• There is only one adapter per message type, any new adapter will override the previous one.

Tip

  • Use simple conversion on adapters, leave the actual message handling to the actor’s behaviour.

Now that the actors are typed, the remaining parts of the system need to be adapted to interact with them.

Since Akka HTTP 10.2.x, it is not necessary to convert to untyped actor system to start your HTTP server. Now it looks like:

Http().newServerAt(apiConfig.host, apiConfig.port).bind(route)

Takeaways

  • Before 10.2.x you would need to change to untyped system.

As for the websocket stream, sadly I couldn’t find anything that would make the integration between streams and typed actors. So instead of changing the whole websocket stream code, I decided to use the coexistence functionalities, which allows me to do:

import akka.actor.typed.scaladsl.adapter._

handleWebSocketMessages(
          WS.handler(
            roomId,
            URLDecoder.decode(encodedName, StandardCharsets.UTF_8.name()),
            roomManager.toClassic
          )
        )

Takeaways

  • You are not bound to use only typed actors, both can coexist.

Now that all actors, services and connecting parts are migrated, the tests need to be adjusted. The Actor TestKit provides two utilities for testing, ActorTestKit for asynchronous testing and BehaviorTestKit for synchronous testing.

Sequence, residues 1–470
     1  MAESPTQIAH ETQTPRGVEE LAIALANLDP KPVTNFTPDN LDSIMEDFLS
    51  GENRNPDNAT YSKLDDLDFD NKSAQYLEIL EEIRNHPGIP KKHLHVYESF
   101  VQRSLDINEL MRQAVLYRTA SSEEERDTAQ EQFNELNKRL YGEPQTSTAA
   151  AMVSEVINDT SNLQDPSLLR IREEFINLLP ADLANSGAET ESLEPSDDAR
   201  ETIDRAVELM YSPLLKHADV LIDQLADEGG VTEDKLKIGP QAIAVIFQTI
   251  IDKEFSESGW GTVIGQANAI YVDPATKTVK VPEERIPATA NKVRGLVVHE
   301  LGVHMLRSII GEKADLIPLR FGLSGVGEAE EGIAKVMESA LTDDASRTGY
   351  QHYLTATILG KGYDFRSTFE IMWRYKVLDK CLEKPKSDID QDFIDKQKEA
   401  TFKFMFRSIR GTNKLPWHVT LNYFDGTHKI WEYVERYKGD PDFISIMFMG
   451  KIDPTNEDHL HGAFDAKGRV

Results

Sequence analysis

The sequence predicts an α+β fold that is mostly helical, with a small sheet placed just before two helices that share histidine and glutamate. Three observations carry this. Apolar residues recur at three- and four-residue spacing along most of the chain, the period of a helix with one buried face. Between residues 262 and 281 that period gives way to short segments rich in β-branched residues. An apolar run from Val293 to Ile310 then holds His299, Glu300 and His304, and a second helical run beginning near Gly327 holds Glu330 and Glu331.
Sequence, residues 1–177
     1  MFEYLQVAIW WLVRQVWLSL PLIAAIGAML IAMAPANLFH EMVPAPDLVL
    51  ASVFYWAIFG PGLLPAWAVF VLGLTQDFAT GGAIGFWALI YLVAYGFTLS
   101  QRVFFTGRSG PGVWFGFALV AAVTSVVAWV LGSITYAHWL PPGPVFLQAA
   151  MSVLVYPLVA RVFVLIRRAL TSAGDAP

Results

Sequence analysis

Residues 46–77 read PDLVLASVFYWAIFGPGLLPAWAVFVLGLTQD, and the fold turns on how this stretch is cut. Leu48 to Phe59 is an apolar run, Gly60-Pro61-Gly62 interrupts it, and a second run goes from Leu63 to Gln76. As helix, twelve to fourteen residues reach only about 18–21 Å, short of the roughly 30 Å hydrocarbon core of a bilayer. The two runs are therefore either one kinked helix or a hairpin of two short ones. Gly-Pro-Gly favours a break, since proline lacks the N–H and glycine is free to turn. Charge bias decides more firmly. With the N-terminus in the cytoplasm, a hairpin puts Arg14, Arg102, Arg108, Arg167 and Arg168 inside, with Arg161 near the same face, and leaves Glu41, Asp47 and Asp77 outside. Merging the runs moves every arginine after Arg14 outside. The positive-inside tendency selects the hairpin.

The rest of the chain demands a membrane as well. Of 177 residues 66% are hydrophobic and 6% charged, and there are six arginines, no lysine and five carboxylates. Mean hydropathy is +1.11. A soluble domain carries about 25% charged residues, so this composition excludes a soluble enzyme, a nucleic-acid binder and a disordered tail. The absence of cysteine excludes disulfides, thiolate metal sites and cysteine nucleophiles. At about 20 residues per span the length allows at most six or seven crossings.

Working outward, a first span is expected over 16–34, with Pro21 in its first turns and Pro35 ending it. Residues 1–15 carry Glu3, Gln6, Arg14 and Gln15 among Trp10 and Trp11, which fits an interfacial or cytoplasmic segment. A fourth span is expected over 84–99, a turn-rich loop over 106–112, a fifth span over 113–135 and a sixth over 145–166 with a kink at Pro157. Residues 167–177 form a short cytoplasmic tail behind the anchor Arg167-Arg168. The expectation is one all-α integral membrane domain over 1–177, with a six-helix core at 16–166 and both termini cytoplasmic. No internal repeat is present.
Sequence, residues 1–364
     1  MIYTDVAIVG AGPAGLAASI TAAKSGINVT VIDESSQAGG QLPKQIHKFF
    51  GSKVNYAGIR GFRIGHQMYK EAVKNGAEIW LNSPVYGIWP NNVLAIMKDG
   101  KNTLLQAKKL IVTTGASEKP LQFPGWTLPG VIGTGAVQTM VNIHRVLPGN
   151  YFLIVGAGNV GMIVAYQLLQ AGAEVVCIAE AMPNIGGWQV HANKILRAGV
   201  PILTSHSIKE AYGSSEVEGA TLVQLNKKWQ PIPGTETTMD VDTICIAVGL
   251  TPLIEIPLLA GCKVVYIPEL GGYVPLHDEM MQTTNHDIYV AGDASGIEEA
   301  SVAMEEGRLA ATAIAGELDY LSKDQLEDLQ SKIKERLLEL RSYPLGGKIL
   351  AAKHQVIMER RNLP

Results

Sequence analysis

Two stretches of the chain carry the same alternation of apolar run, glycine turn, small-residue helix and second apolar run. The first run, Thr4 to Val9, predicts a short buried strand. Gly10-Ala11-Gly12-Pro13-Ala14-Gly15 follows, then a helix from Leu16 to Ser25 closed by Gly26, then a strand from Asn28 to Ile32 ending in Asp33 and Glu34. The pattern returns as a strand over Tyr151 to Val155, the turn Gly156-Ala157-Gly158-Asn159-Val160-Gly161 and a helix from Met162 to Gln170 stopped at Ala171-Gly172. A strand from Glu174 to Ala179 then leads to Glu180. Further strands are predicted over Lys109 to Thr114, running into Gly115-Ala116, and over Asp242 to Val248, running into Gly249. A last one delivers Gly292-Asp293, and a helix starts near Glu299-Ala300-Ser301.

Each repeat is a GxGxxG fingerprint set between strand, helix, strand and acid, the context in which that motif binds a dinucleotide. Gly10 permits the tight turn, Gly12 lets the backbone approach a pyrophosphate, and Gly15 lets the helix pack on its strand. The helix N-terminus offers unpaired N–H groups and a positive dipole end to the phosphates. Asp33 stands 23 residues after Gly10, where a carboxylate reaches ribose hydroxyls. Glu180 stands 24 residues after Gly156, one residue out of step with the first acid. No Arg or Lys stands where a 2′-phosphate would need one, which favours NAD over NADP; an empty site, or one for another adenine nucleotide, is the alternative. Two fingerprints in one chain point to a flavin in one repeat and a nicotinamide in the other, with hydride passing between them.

RoomManagerSpec:

"connect user to room" in {
      val behaviorTestKit = BehaviorTestKit(RoomManager())

      val roomId     = UUID.randomUUID()
      val user1Probe = TestProbe()(testKit.system.classicSystem)
      val user2Probe = TestProbe()(testKit.system.classicSystem)
      val user1      = Room.User(UUID.randomUUID(), "user 1", false, "", user1Probe.ref)
      val user2      = Room.User(UUID.randomUUID(), "user 2", false, "", user2Probe.ref)

      behaviorTestKit.run(
        RoomManager
          .ConnectToRoom(WSMessage(MessageType.Join, roomId, user1.id, user1.name), user1Probe.ref)
      )
      behaviorTestKit.run(
        RoomManager
          .ConnectToRoom(WSMessage(MessageType.Join, roomId, user2.id, user2.name), user2Probe.ref)
      )